In this small but valuable volume, Oates explores the reality beyond the two sources of Lincoln myth: the primary myth of a saintly and folkloric Lincoln of Carl Sandburg and a secondary myth of the 'white honky' Lincoln of the 1970's revisionists. Oates emphasizes that Lincoln drew deeply upon the "spirit of his age", which was a profoundly revolutionary time across the world. Oates relates how Lincoln absorbed one of the core lessons of America from the example of Henry Clay: : "in this country one can scarcely be so poor, but that, if he will, he can acquire sufficient education to get through the world respectably".

That slavery was the cause of the Civil War is beyond all doubt. As Oates explains, however, the North did not go to war to free the slaves. In the standard phrasing, the North went to war to 'preserve the union'. Oates explores Lincoln's fears that the spread of slavery in the wake of the Kansas-Nebraska Act and the Dred Scott decision would lead to the destruction of democratic society. The debate then still raged on the world stage whether a republican form of government could last. Lincoln rejected the "ingenious sophism" that states could freely leave the Union. "With rebellion thus sugar coated [southern leaders] have been drugging the public mind of their section for more than thirty years." Secession posed nothing less than a final challenge to popular government. If a minority could destroy the government any time it felt aggrieved, then no government could endure. Thus the war had to be fought to preserve not just the American Republic, but the possibility of republican government.

Lincoln did in fact oppose slavery from early on. His views on racial matters apart from slavery became more fully progressive over time.
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Format: Paperback Verified Purchase
What an astonishingly great book this is. Every word of it is absolutely fascinating, from beginning to end. Stephen Oates not only writes about perhaps the most fascinating man in all of human history, but writes so very well...as if he is as good of a writer as Abraham Lincoln himself. I just wish I could give this book six stars instead of just five. I look forward to reading his other books.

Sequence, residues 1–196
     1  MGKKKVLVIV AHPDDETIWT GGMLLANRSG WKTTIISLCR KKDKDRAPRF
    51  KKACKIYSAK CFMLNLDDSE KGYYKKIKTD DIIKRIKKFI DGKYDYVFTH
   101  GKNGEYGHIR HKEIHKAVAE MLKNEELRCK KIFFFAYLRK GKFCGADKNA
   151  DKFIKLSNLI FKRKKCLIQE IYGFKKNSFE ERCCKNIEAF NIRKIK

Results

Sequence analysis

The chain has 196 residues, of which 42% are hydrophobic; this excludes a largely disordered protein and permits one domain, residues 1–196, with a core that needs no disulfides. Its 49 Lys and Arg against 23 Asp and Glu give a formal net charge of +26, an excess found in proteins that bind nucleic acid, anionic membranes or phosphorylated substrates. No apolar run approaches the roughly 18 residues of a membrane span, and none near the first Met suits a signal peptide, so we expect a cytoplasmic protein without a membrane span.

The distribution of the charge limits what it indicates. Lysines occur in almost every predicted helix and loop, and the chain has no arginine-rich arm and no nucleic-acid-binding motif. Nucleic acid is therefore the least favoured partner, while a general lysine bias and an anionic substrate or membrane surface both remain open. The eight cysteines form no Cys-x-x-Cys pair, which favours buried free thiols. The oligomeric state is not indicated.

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Format: Kindle Edition Verified Purchase
July 19, 2013
A Review by Anthony T. Riggio of Stephen B. Oates, Abraham Lincoln, The Man Behind the Myths.

I downloaded this work from Kindle and it is one of the better biographies of Lincoln, though limited to, many of the common beliefs and misconceptions about the life of Lincoln. Oates wrote this book in 1984 while teaching at the University of Massachusetts in Amherst. His Part one deals with the popular myths about the man, namely the people's man and the arch villain. It contrasts his reputation in both the North and the South. Oates does a great job in presenting the reasons for much of Lincoln's mood swings and his preoccupation with the strategy of the war.

Lincoln's idea's about slavery are one of the most misunderstood and misinterpreted concepts of his political life and Oates presents these in a dispassionate form. I believe from reading this part, that Mr. Lincoln was always, in his heart of hearts always an abolitionist though many continue to argue about his motives regarding slavery. Oates paints the best conclusions I have read in the many biographies I have read about Lincoln.

All of his leadership efforts are clearly aimed at the preservation of the Union to include his personal belief that the rebel states continued to remain part of the United States. This idea, I believe, motivated his posture on reconstruction as the war was winding down. Evidence of this is clearly manifest in the position of his commanding general US Grant.

It is very clear to the reader that Lincoln's assassination created an increased difficult time for the White southerners and equally a curse for the newly freed slaves.

I recommend this short book, which is well outlined and commented upon as a balanced biography and one which every student of the Civil War and Abraham Lincoln should add to his collection of must reads.

I was very happy to give five stars to this book.